This sounds a lot like the conversations I have with the repair service at our local Toyota dealer.

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I felt a slight 'odd feeling' in the upper part of my brain - I didn't assume that a vein/blood vessel had burst, but that's the closest description I could come up with. Wasn't painful, just a brief (2 second) sensation, then went away.
You left us hanging-- was there a diagnosis?
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Old 02-26-2012, 03:32 PM   #16
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Depending on the surgery the price may vary depending on the supplies used , equipment needed , etc.. An example is a shoulder arthroscopy is one price but if they repair a tear in your rotator the cuff the price goes up and some of these things they do not know until they look inside. You could probably get an estimate from the physician's office or the hospital billing department.
I agree with your post as this happened to me when I had rotator cuff and the surgeon told us to be prepared if DW doesn't have the surgery done sooner. Said the arthroscopy surgery planned could esclate to requiring incisions if she does any damage due to the delayed procedure. However, I'm really questioning the cost of the hospital facility, whether it is considered "outpatient" or "inpatient". That is the cost I'm trying to determine.
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Old 02-26-2012, 03:59 PM   #17
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I have a good friend who is a (now retired) General Surgeon. He had a number of acadamic awards and graduated from one of the USA's finest universities so I asked why didn't he specialize. He said that a surgeon must be prepared for the unexpected, you start anticipating one condition and find another. You don't just stich up the patient and say 'not my department'.

Given our pay for service health care I can understand why pricing can be difficult.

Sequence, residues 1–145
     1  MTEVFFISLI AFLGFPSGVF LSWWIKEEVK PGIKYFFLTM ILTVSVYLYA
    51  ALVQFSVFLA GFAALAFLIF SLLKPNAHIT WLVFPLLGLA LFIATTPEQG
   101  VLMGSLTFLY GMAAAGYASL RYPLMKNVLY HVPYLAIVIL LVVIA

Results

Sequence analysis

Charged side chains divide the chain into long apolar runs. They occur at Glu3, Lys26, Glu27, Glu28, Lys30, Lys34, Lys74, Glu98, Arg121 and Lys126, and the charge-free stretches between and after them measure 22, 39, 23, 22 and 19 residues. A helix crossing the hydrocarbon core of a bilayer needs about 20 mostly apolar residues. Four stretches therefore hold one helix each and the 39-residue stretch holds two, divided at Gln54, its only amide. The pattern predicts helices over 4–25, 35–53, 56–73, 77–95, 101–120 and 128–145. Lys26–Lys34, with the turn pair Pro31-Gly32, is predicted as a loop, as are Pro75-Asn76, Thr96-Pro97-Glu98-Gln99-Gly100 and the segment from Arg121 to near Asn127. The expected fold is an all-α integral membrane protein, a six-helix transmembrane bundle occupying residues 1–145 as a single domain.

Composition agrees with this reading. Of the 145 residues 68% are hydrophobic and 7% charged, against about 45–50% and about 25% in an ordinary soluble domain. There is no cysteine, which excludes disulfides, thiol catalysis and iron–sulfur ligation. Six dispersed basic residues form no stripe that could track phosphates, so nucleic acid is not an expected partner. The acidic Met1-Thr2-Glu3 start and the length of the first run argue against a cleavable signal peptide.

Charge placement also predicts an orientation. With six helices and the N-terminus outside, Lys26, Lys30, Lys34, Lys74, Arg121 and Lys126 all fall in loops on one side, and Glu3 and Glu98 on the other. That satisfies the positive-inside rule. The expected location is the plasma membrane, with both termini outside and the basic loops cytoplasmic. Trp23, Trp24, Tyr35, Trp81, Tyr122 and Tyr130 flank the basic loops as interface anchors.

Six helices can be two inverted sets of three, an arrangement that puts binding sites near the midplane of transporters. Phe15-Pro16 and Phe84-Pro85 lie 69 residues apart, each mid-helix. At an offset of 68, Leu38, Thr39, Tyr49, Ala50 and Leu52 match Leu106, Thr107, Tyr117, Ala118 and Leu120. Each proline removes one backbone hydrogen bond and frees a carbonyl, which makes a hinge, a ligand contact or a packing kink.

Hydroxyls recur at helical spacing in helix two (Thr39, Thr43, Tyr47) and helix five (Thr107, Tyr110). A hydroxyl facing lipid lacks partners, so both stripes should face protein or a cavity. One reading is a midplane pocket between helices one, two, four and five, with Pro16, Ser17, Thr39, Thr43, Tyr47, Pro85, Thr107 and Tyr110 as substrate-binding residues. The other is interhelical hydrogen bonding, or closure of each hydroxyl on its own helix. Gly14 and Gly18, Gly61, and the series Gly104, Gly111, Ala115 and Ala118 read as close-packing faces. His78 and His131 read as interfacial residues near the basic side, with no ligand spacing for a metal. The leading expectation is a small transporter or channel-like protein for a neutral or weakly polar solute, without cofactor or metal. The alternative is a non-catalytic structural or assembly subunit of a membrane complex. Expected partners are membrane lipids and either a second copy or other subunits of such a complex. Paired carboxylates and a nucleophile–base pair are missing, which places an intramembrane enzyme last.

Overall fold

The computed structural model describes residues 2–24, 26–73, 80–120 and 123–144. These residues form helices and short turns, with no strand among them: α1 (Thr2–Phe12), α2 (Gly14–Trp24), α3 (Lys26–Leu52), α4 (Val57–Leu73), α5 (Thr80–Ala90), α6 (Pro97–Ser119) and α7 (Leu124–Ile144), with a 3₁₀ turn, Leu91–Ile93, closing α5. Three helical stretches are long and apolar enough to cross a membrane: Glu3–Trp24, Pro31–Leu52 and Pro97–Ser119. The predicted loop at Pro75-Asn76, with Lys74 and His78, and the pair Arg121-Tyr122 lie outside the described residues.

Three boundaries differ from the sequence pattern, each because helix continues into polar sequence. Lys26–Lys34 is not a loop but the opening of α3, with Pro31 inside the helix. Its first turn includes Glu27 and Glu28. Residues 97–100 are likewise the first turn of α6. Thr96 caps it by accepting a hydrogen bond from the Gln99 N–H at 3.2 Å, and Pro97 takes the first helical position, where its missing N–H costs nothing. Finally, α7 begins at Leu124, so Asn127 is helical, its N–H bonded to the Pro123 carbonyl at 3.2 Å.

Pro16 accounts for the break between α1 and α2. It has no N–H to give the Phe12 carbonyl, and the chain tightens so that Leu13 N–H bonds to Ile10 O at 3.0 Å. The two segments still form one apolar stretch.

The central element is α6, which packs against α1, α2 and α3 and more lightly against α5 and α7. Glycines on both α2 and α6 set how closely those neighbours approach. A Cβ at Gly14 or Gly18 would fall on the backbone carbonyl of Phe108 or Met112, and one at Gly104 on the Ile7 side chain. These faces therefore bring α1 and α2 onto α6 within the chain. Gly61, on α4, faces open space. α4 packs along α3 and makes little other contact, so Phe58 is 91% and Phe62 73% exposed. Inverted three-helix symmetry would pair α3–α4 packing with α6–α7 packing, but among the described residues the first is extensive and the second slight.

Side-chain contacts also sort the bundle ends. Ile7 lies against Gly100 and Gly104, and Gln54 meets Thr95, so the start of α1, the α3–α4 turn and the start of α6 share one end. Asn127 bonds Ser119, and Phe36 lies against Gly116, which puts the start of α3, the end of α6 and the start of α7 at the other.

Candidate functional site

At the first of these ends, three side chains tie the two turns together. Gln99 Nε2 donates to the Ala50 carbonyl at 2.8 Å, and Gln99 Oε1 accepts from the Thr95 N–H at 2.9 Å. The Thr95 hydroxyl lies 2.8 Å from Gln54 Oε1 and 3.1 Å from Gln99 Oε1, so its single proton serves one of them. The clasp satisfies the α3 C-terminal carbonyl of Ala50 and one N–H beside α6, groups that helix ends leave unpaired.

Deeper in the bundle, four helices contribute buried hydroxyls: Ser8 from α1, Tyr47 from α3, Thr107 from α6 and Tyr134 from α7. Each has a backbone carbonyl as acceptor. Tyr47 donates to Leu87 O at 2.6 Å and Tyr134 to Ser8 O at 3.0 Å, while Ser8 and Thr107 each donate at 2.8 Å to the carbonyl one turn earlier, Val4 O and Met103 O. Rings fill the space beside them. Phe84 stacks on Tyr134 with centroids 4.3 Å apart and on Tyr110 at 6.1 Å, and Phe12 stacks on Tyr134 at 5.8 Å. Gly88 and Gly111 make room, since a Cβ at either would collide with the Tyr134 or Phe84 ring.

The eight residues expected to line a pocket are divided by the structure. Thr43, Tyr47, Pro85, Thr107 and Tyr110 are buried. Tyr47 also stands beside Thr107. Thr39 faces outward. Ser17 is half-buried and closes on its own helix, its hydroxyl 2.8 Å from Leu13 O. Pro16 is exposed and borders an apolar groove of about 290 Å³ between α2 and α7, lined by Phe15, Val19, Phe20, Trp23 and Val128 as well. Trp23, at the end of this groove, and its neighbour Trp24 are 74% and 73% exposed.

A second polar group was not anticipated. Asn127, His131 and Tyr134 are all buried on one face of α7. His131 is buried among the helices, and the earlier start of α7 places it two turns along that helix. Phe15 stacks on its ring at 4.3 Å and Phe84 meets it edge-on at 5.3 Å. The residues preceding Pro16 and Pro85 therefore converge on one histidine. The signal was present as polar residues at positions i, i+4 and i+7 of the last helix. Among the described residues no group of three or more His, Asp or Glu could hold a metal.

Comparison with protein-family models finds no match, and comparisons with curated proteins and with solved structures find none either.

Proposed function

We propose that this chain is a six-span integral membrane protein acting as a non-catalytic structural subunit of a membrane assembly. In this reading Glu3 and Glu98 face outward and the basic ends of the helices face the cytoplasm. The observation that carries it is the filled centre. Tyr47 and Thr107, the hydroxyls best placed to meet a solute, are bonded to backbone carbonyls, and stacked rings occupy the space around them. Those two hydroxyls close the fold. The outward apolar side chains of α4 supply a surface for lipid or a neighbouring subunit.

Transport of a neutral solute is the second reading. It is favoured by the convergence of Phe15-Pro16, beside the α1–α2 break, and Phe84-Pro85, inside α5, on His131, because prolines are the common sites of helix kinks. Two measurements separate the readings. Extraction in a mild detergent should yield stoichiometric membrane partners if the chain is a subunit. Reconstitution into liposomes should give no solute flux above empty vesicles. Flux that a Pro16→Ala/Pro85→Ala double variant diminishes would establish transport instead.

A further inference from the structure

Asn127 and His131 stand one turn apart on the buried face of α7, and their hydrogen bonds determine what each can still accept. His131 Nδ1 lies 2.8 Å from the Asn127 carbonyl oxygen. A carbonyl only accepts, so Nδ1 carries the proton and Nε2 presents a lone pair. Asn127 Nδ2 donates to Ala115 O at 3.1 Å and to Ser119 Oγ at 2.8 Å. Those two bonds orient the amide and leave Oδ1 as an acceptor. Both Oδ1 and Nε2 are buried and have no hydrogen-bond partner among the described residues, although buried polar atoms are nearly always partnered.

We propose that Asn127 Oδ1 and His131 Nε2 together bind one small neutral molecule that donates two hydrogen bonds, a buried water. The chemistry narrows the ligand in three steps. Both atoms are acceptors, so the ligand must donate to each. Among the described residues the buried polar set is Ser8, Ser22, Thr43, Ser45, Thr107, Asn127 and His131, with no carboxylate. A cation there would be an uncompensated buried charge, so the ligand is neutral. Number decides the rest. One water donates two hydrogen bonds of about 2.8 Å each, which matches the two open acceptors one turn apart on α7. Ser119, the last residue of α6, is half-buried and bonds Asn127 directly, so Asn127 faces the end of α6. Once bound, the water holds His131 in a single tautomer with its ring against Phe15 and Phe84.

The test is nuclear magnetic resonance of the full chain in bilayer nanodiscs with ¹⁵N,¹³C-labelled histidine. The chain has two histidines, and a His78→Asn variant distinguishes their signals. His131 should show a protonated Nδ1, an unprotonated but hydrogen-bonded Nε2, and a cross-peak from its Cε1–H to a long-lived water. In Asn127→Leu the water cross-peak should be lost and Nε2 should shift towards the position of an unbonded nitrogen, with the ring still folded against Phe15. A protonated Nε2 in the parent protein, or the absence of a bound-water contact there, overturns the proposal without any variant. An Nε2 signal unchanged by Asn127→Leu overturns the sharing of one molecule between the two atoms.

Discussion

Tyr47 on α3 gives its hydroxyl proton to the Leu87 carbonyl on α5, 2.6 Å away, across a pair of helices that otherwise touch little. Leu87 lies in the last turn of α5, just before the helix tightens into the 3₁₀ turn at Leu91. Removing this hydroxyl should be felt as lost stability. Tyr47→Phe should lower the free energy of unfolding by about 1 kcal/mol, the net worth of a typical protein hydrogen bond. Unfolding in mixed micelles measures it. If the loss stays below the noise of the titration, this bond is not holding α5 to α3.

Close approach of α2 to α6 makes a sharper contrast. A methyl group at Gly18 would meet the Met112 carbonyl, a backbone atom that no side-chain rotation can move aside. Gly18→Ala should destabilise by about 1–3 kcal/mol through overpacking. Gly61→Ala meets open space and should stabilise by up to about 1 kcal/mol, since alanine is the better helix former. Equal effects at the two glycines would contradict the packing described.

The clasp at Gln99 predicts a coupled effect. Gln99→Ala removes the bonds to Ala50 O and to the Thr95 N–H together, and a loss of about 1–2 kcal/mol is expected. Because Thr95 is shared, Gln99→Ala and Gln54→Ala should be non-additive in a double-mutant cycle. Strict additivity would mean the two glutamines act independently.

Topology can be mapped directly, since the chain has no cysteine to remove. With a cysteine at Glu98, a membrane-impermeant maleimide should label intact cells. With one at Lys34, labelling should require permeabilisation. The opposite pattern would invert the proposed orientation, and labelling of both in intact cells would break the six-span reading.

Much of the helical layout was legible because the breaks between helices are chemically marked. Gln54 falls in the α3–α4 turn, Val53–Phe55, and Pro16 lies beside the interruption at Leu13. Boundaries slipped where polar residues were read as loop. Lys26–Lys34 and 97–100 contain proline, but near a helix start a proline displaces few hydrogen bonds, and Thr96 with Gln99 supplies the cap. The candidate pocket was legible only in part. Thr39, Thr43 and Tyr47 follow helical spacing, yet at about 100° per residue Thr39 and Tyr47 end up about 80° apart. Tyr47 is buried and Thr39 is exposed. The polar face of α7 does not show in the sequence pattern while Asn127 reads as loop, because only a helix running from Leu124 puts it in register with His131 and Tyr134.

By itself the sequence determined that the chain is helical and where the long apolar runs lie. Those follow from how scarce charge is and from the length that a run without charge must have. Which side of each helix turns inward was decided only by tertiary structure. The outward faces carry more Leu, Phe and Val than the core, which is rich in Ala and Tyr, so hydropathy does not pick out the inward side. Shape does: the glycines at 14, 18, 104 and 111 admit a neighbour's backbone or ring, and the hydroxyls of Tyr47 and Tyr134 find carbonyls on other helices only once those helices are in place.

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Old 02-26-2012, 04:02 PM   #18
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However, I'm really questioning the cost of the hospital facility, whether it is considered "outpatient" or "inpatient". That is the cost I'm trying to determine.
I would call the hospital billing information and insist on getting the answer even if you have to get a supervisor involved . By the way a shoulder repair can be very painful so make sure you have the pain medication ready plus ice bags unless they are giving you an ice machine . Most patients after shoulder surgery need to sleep in a recliner for a few days . Also make sure she wears something easy to get on to the hospital . I would suggest she bring a large button front blouse because it needs to go over a sling ,elastic waist pants and slip on shoes .
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Old 02-26-2012, 05:28 PM   #19
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I have a good friend who is a (now retired) General Surgeon. He had a number of acadamic awards and graduated from one of the USA's finest universities so I asked why didn't he specialize. He said that a surgeon must be prepared for the unexpected, you start anticipating one condition and find another. You don't just stich up the patient and say 'not my department'.

Given our pay for service health care I can understand why pricing can be difficult.
I agree.

But the car repair analogy is in many ways a good one. It is pretty common mechanic to say, I think your problem is either X or Y, but I won't know until I look. X will cost you $300, Y will cost $500. Sometimes the start looking at the car and they say say the problem is actually Y+Z and the cost is going to be $1,000. They have a pretty good idea how long the repair will take and the material involved, in fact most of the time the manufacturer has specific hourly estimate. If it takes longer than expected the mechanic typically eats the distance if they finish early they make more profit. Now medical care is different, but there are absolutely situations like pricing out for MRI, or even the potential for a less expensive test that medical community should start looking at automotive industry or even dentistry.

The big problem we face a society is so much medical care is paid by other people money that there is little incentive to be cost conscious.
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Old 02-26-2012, 07:01 PM   #20
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You don't just stich up the patient and say 'not my department'.
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But the car repair analogy is in many ways a good one. It is pretty common mechanic to say, I think your problem is either X or Y, but I won't know until I look. X will cost you $300, Y will cost $500. Sometimes the start looking at the car and they say say the problem is actually Y+Z and the cost is going to be $1,000.
Yeah, at least the mechanic calls you and says "It's gonna take more work and cost more than we figured, you still think it's worth the trouble?"